In literary contexts, the author does not usually signal the use of an oxymoron, but in rhetorical usage, it has become common practice to advertise the use of an oxymoron explicitly to clarify the argument, as in:
In this example, "Epicurean pessimist" would be recognized as an oxymoron in any case, as the core tenet of Epicureanism is equanimity (which would preclude any sort of pessimist outlook). However, the explicit advertisement of the use of oxymorons opened up a sliding scale of less than obvious construction, ending in the "opinion oxymorons" such as "business ethics".
"Comical oxymoron" is a term for the claim, for comical effect, that a certain phrase or expression is an oxymoron (called "opinion oxymorons" by Lederer (1990)). The humour derives from implying that an assumption (which might otherwise be expected to be controversial or at least non-evident) is so obvious as to be part of the lexicon. An example of such a "comical oxymoron" is "educational television": the humour derives entirely from the claim that it is an oxymoron by the implication that "television" is so trivial as to be inherently incompatible with "education". In a 2009 article called "Daredevil", Garry Wills accused William F. Buckley of popularising this trend, based on the success of the latter's claim that "an intelligent liberal is an oxymoron."
Examples popularized by comedian George Carlin in 1975 include "military intelligence" (a play on the lexical meanings of the term "intelligence", implying that "military" inherently excludes the presence of "intelligence") and "business ethics" (similarly implying that the mutual exclusion of the two terms is evident or commonly understood rather than the partisan anti-corporate position).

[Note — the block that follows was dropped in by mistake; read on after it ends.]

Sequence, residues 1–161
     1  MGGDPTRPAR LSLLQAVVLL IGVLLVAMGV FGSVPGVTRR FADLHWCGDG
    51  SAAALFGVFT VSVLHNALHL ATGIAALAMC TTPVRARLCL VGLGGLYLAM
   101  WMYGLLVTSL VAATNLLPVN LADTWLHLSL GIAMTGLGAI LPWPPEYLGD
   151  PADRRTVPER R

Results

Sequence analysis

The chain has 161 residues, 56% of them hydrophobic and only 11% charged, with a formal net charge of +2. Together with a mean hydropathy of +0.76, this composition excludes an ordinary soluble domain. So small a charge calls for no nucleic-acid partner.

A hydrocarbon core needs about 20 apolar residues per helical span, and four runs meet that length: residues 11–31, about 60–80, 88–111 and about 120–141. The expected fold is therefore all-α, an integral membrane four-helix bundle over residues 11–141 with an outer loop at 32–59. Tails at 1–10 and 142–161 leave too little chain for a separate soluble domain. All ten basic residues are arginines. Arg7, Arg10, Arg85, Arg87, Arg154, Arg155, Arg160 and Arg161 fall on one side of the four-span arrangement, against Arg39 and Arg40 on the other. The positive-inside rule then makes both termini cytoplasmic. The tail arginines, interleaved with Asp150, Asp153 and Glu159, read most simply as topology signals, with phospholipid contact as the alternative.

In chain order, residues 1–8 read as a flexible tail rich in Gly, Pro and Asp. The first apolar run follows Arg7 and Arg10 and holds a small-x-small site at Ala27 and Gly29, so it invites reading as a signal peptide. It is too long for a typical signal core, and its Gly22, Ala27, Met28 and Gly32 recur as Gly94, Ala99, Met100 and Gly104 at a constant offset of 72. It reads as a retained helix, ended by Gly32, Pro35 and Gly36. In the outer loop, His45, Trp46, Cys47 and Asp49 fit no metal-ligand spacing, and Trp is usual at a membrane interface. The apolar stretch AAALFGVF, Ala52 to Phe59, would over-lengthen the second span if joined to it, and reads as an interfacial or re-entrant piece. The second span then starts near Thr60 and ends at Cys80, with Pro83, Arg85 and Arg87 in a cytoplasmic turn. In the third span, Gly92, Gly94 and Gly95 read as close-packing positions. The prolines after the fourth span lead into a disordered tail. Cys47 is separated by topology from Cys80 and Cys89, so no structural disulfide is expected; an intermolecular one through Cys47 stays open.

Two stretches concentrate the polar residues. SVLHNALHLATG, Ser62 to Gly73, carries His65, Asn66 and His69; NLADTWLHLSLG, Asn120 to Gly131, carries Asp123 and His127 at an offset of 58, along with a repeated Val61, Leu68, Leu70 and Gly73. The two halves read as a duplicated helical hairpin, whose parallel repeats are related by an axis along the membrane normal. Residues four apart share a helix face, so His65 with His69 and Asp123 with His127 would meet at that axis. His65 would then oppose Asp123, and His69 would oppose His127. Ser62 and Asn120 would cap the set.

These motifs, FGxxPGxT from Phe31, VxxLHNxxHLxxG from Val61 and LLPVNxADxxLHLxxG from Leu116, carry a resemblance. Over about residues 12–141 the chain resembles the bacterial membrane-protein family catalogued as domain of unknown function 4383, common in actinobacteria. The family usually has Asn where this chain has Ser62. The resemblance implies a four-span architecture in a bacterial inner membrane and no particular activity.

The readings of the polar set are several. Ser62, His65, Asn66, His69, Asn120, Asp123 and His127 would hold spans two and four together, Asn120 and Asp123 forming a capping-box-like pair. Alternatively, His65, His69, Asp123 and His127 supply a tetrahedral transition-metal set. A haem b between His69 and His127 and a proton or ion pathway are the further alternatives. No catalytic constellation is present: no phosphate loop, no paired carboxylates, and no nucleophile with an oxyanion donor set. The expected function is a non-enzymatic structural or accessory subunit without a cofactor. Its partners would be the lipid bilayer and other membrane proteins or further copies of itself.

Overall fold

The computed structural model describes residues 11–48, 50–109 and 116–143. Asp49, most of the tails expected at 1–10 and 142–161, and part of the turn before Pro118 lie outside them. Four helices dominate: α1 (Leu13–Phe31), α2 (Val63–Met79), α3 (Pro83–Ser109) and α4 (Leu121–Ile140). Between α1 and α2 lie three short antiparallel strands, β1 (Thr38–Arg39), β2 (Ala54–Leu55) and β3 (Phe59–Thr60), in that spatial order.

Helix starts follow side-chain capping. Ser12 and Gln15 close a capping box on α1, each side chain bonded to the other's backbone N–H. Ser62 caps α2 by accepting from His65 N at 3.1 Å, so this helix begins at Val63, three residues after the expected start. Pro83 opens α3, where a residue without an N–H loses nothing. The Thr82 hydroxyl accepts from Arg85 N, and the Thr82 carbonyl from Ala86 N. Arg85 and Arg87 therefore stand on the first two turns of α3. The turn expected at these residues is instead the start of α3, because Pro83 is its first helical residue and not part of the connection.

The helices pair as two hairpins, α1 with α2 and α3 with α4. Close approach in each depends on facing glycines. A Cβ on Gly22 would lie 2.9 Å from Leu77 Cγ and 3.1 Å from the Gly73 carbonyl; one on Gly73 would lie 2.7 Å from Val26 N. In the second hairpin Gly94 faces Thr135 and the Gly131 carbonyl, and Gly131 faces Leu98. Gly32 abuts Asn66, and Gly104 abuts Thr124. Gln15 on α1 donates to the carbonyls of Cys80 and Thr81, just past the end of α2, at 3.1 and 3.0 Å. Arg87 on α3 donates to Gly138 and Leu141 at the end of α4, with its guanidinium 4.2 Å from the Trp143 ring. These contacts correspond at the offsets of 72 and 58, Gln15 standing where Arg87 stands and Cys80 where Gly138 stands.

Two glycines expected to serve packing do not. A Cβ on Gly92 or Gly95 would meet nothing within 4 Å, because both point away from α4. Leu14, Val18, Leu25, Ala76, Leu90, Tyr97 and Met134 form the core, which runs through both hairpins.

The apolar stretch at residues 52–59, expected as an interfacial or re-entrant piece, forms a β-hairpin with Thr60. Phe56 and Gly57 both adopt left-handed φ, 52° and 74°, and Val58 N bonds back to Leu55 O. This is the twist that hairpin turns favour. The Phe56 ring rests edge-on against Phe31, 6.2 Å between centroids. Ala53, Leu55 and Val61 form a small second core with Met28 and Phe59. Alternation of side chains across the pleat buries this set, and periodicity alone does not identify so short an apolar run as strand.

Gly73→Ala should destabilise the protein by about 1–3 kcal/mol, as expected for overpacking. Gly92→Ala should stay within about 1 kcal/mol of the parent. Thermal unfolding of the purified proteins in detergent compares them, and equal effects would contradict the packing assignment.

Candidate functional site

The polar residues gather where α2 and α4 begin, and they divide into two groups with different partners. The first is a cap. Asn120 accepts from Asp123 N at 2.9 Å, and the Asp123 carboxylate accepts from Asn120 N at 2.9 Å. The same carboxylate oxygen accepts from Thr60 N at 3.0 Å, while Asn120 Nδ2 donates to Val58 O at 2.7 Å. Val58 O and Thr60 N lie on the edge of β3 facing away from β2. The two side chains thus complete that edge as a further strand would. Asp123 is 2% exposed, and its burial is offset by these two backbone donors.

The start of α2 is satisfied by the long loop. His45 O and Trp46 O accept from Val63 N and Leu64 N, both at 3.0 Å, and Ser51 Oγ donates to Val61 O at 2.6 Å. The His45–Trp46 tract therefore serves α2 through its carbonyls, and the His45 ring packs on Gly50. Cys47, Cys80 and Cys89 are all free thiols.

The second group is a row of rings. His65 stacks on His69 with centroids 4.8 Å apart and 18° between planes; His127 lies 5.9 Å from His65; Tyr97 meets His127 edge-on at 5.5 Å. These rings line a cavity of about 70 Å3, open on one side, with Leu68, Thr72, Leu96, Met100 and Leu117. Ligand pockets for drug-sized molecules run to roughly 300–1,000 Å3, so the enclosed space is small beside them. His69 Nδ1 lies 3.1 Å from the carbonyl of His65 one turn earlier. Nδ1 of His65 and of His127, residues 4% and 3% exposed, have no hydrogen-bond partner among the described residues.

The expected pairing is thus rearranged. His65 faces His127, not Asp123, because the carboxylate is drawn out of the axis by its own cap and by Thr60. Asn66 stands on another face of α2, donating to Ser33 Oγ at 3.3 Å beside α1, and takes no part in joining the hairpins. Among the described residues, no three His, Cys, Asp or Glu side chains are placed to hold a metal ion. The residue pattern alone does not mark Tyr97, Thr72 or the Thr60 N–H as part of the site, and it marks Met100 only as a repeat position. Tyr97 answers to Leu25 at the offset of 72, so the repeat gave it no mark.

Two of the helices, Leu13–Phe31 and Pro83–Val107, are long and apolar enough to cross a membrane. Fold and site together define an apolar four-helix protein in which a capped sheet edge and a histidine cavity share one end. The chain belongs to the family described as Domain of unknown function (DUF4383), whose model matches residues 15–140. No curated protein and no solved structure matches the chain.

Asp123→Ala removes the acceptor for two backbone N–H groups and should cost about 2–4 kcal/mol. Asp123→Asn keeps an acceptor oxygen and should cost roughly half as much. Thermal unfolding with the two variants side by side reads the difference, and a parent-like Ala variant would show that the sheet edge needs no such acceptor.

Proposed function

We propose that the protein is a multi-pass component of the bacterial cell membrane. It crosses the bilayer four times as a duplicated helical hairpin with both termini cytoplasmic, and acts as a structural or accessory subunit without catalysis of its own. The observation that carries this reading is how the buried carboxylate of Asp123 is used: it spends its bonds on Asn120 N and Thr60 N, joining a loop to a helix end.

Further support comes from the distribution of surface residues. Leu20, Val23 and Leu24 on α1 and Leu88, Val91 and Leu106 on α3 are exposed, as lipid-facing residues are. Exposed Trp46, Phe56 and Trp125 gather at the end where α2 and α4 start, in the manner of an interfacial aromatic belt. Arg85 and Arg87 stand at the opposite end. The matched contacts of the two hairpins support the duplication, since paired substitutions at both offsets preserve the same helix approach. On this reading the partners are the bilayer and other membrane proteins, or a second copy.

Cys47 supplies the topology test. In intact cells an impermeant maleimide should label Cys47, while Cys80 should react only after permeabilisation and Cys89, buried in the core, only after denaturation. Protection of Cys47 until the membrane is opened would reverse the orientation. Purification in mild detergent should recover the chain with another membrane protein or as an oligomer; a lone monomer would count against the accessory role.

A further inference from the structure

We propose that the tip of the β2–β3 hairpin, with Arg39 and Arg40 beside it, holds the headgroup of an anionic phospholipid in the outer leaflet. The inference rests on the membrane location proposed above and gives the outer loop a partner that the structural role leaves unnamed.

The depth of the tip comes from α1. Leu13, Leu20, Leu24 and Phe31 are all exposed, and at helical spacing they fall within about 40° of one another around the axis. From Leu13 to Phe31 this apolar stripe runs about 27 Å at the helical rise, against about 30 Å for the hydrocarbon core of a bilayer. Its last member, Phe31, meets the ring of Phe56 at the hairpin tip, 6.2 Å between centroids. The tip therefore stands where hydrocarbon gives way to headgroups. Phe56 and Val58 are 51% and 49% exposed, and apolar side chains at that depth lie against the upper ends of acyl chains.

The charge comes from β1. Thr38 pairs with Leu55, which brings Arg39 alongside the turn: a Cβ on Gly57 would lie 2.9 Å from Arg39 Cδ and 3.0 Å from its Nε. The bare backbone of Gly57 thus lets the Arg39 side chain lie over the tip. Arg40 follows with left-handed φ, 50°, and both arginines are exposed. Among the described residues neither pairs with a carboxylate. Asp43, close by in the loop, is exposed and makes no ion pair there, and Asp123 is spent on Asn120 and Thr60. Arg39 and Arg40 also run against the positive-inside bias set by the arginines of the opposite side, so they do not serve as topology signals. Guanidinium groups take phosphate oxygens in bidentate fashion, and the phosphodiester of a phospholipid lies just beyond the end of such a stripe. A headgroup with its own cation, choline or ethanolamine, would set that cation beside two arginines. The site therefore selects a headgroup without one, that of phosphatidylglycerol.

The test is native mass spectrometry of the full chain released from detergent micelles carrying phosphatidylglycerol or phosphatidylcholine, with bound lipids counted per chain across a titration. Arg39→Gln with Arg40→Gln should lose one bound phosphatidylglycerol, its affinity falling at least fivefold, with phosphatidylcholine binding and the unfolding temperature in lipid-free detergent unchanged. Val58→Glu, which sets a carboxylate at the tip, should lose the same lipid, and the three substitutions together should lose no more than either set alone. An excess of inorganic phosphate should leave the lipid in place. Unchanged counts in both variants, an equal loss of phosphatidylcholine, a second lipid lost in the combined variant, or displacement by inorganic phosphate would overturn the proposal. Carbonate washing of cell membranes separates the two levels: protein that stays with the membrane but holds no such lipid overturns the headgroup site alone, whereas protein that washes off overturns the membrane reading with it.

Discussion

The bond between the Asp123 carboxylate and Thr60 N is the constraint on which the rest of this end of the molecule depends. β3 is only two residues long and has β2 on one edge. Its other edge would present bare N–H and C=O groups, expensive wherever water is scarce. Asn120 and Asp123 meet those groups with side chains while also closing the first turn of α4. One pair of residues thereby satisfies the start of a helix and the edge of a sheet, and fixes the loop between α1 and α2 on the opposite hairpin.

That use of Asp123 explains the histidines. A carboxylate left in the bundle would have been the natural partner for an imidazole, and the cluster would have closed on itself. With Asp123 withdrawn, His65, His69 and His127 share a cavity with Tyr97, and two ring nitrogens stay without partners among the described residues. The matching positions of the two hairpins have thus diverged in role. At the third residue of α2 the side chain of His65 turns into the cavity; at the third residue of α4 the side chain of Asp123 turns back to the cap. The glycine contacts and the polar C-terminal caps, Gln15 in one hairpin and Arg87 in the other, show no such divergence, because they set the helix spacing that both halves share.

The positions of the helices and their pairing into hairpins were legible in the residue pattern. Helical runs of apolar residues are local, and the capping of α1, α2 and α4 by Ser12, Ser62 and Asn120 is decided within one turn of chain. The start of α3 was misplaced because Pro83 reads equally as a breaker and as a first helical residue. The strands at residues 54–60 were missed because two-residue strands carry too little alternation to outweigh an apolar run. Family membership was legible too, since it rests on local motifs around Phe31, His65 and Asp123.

Similarly, the term "civil war" is sometimes jokingly referred to as an "oxymoron" (punning on the lexical meanings of the word "civil").
Listing of antonyms, such as "good and evil", "male and female", "great and small", etc., does not create oxymorons, as it is not implied that any given object has the two opposing properties simultaneously. In some languages, it is not necessary to place a conjunction like and between the two antonyms; such compounds (not necessarily of antonyms) are known as dvandvas (a term taken from Sanskrit grammar). For example, in Chinese, compounds like (man and woman, male and female, gender), (yin and yang), (good and evil, morality) are used to indicate couples, ranges, or the trait that these are extremes of. The Italian pianoforte or fortepiano is an example from a Western language; the term is short for gravicembalo col piano e forte, as it were "harpiscord with a range of different volumes", implying that it is possible to play both soft and loud (as well as intermediate) notes, not that the sound produced is somehow simultaneously "soft and loud".
acutely silly: oxymora verba, expressions which at first sight appear absurd, but which contain a concealed point; so especially of such apparently contradictory assertions as: cum tacent clamant, etc.
The phrase is an '' (a paradox with a point).